DR MAX: Women facing menopause are betrayed by a toxic mixture of misogyny, ageism and ignorance

Night sweats. Mood swings. Insomnia. Hot flushes. Weight gain. Headaches. Depression. Anxiety. Palpitations. Joint symptoms . . . I could go on.

It’s a grim list, isn’t it? Yet these are just a few side-effects of the menopause.

No doubt you would assume that a combination of such symptoms in women in their 40s and 50s would be enough to at least pique a doctor’s interest and mobilise them into action.

Well, you would be wrong. As the Mail reported yesterday, too many women approaching or going through the change of life end up being ignored, fobbed off by their GPs, or given a ‘sticking plaster’ prescription for antidepressant drugs.

As the Mail reported yesterday, too many women approaching or going through the change of life end up being ignored, fobbed off by their GPs, or given a ‘sticking plaster’ prescription for antidepressant drugs

Shameful

Around 13 million British women are menopausal — but, according to a survey of 1,500 for the influential online forums Mumsnet and Gransnet, one in four have to visit their GP at least three times before getting appropriate treatment, including HRT.

This is an absolute scandal.

The menopause is defined as when regular monthly periods stop. The average age for this is 51. But symptoms can begin several months or years before this, in what is known as the perimenopause, when levels of oestrogen and progesterone start to fluctuate.

At a time when many more people — male and female — are better informed than ever about the possible consequences of the menopause, when it is deemed ‘OK’ to talk about it publicly and there are even campaigns for it to be acknowledged in the workplace, I see it as a shameful betrayal by the medical establishment of those women finding it difficult to cope.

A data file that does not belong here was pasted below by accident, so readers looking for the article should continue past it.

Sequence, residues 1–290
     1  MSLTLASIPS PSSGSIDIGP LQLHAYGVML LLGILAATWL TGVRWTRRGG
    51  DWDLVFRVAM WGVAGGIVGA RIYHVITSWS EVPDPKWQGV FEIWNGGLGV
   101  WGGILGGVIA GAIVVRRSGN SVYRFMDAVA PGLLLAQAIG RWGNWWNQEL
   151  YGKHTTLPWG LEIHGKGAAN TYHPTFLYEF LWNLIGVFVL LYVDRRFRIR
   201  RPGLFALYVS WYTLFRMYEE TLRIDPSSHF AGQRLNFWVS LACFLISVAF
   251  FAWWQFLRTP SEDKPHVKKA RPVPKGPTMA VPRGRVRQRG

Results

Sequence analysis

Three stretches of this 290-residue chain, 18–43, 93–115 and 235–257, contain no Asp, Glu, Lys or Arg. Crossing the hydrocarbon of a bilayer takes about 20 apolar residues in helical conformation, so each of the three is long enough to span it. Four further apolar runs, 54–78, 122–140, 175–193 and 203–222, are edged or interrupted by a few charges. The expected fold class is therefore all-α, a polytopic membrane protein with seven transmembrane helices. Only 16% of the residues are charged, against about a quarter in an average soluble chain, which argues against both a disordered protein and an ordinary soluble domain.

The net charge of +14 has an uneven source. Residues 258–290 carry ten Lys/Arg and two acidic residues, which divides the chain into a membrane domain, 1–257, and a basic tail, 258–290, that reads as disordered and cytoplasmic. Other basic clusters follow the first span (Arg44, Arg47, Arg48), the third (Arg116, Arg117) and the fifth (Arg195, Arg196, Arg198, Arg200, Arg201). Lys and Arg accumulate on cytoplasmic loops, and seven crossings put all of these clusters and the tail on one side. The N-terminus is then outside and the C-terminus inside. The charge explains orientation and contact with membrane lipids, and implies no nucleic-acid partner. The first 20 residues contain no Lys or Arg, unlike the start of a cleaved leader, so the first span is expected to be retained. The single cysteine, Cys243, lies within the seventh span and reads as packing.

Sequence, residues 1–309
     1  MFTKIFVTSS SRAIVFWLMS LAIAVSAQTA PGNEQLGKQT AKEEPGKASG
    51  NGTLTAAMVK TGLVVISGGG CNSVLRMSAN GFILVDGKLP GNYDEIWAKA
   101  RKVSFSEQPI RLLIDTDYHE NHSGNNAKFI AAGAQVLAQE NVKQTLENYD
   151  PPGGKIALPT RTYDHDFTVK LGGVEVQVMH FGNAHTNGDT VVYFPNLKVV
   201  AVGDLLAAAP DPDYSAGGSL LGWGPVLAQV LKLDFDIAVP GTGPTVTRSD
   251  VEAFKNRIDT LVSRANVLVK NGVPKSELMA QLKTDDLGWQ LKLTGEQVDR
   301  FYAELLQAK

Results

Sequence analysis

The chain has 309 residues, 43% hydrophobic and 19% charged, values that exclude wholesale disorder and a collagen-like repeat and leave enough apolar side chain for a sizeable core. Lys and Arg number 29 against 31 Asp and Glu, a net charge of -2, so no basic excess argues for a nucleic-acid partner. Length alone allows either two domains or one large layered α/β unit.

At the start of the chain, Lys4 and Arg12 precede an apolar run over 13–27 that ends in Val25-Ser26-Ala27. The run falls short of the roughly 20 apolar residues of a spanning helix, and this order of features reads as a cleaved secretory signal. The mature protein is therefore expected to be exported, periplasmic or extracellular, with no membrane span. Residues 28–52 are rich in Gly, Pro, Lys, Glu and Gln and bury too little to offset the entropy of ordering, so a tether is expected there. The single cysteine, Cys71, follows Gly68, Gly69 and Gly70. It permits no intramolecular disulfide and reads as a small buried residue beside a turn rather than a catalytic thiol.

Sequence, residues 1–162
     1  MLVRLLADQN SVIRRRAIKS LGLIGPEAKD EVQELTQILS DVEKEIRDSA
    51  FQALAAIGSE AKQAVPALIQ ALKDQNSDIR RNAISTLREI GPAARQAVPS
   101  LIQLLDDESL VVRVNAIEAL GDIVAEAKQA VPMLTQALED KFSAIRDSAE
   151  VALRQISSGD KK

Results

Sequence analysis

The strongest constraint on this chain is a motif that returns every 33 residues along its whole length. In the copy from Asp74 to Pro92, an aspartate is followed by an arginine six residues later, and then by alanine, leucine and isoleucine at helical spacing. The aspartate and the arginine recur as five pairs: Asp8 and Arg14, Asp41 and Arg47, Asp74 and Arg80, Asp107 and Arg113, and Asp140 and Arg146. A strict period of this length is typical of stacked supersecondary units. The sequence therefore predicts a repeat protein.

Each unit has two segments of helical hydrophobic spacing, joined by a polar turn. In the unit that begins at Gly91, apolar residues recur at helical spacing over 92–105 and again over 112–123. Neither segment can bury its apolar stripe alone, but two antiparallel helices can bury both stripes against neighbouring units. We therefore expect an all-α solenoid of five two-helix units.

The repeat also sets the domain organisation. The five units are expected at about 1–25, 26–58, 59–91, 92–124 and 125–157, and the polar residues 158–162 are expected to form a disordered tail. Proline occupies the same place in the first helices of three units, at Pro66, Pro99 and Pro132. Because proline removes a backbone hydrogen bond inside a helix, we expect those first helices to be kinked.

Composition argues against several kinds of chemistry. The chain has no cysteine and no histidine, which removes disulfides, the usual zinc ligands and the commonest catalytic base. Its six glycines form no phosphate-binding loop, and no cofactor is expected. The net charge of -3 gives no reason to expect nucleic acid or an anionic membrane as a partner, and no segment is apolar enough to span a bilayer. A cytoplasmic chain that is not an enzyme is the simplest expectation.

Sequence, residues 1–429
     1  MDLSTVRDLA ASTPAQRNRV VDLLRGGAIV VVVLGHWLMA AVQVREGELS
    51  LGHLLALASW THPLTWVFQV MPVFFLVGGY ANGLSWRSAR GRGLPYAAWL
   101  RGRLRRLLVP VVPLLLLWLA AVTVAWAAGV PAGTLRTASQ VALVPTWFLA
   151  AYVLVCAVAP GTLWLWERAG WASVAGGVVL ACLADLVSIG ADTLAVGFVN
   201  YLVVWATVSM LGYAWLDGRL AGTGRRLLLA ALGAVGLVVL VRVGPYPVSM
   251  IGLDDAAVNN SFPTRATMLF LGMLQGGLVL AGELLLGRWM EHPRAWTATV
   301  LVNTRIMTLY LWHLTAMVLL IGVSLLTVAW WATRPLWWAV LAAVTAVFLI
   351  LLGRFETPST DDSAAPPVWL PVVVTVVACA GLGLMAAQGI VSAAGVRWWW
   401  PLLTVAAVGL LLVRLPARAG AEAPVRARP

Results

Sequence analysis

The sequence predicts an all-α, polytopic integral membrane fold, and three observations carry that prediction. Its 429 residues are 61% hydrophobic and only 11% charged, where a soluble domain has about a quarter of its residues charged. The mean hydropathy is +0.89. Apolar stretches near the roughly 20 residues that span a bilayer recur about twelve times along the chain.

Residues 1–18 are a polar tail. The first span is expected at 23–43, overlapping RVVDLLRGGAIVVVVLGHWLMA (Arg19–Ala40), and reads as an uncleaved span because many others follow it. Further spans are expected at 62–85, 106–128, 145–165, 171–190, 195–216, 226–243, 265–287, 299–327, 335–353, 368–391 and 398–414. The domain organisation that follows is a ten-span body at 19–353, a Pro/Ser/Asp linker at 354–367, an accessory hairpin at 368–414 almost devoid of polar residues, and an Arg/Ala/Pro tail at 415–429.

You can be sure that if it was men who had to deal with such symptoms, delays in accessing treatment would not be an issue.

What’s worse, when some women finally manage to get therapeutic help, it’s often the wrong treatment.

The most common menopausal symptoms, such as anxiety or palpitations, are too frequently dismissed as ‘psychological’ and patients are given antidepressants —the medical equivalent of a patronising pat on the knee.

I’ve seen this several times in my own clinics. Women have been referred to me because they are depressed, but when you listen to what they are saying, it rapidly becomes clear that their difficulties are the result of the menopause.

Mindfulness and meditation techniques can often help with hot flushes. But for some women there is no doubt that the symptoms can profoundly affect their lives and HRT can be a godsend

Mindfulness and meditation techniques can often help with hot flushes. But for some women there is no doubt that the symptoms can profoundly affect their lives and HRT can be a godsend

One patient I saw was taking antidepressants, a beta-blocker to deal with palpitations (which had been put down to anxiety) and a highly addictive anti-anxiety medication. She had tried to tell her GP that the symptoms had taken hold as she was going through the menopause. He ignored her.

She asked for HRT, but he refused to prescribe it and declined to give a satisfactory reason why.

So convinced was she that her symptoms were a direct result of hormonal changes that she went privately to get HRT. Within a few months of starting it, her depression and anxiety had vanished, she was able to stop all the other medication and did not need to see me any more.

I’m a passionate advocate for the NHS, but something is seriously wrong here. GPs are the crucial gatekeepers to the health service, but it’s just plain wrong that they are denying a range of treatments to women whose lives could be transformed by them.

The menopause is, of course, a natural phenomenon. It is not an illness and it should not be viewed as such. Nor is HRT right for everyone.



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